The first words in the famous screen crawl are such a knowing surprise that I won’t spoil them; suffice to say, something has been lost, and the point of The Force Awakens is to find it. Finn’s AWOL stormtrooper (the second time in Star Wars history that a bad guy developed a conscience) and Rey’s impoverished desert scavenger are thrown together with new droid BB-8 (as with R2-D2, here for both comic relief and a kind of life-saving wisdom). Soon taken under the wing of crusty Solo, they try to find what they’re looking for. This being Star Wars, an imperial army with Nazi overtones (a battle-rousing speech by Domhnall Gleeson looks like a colorized outtake from the Hitler propaganda film Triumph of the Will) stands in the way, accompanied by a mysterious dark figure with magic powers.
A kind of junior consultant in tyranny, Adam Driver’s Kylo Ren worships the memory of Darth Vader (and meditates on a creepy relic to prove it); but has deeper reasons for doing so than mere lust for power. While one character changes sides because “it’s the right thing to do”, Ren is divided. He feels “the call to the light”, but whatever violence exists inside him has not been tamed. It’s implied that this violence derives from family dysfunction, or at least the sins of the (grand) fathers. Kylo didn’t get where he is overnight; his backstory is one of several that will presumably be illuminated in future episodes.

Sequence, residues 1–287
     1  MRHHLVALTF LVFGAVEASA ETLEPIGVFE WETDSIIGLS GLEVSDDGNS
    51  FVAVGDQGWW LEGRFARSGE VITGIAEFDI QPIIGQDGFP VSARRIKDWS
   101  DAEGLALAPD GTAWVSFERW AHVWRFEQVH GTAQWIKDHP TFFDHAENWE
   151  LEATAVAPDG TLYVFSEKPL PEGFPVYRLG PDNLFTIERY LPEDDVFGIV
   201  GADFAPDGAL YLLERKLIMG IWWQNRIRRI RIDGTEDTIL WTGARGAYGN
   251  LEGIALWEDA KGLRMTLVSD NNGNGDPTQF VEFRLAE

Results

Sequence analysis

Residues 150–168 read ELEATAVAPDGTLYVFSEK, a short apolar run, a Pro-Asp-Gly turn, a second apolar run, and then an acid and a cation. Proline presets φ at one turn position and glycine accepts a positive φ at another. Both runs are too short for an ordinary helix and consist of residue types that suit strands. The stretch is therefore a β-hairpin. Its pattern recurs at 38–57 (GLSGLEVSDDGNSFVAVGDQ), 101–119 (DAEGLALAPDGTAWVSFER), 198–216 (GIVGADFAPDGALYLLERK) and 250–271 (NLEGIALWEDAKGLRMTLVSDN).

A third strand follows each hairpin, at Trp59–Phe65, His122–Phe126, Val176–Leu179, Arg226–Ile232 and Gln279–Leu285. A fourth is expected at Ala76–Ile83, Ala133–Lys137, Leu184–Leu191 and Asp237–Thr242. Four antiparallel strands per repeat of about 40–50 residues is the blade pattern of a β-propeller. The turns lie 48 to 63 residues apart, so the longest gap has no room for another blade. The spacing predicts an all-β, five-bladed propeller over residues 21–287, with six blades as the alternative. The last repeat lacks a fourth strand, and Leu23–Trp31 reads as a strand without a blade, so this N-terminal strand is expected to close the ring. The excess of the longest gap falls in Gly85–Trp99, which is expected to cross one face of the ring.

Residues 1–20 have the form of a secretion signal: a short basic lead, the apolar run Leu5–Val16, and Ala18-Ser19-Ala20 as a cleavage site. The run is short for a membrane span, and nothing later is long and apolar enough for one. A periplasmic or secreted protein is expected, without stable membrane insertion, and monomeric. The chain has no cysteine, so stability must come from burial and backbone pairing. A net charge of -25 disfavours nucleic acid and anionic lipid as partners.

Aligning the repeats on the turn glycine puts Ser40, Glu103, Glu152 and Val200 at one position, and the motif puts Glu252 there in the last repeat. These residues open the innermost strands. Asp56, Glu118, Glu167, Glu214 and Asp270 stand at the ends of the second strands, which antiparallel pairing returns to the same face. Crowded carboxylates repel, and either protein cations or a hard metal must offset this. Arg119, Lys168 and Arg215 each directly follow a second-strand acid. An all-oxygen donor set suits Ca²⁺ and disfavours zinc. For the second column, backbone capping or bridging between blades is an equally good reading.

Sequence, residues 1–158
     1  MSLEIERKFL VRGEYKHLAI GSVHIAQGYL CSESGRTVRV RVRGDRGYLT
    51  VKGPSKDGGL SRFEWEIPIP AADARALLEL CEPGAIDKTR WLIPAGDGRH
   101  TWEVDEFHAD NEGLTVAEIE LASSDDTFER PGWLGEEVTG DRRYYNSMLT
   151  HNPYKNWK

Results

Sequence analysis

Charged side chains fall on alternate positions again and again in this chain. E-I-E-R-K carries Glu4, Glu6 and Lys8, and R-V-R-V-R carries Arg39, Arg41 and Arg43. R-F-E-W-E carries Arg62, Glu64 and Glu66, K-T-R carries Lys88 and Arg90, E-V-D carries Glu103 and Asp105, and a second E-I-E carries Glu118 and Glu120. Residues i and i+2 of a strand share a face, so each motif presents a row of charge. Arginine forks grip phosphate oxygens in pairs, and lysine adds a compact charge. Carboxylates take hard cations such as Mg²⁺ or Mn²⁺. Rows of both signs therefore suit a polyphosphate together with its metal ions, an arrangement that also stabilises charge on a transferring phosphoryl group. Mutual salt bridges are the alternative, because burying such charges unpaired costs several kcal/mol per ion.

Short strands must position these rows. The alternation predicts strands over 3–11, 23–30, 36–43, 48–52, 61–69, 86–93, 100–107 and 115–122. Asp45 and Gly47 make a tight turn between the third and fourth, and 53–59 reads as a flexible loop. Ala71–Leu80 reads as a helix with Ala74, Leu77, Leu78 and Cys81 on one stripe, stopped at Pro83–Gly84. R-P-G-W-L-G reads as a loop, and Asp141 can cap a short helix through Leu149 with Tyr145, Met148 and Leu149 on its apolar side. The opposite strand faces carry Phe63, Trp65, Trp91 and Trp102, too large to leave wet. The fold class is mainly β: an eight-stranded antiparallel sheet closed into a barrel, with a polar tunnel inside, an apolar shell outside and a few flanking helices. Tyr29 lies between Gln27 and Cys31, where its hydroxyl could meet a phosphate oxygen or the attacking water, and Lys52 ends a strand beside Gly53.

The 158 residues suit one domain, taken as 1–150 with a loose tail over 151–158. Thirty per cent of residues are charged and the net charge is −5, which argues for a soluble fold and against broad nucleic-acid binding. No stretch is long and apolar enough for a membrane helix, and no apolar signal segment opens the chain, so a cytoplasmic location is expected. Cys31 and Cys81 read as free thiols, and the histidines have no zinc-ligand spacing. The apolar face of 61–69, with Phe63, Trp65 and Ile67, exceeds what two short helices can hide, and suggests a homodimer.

And so the stage is set for a story ultimately about one thing: where are we at home, and how do we find it when we first must lose it? The characters in Star Wars have been negotiating with their sense of purpose for nearly 40 years now, resisting and accepting their calling, steeping away from and into their authenticity. “The belonging you seek is not behind you, but ahead,” a sage here offers a novice.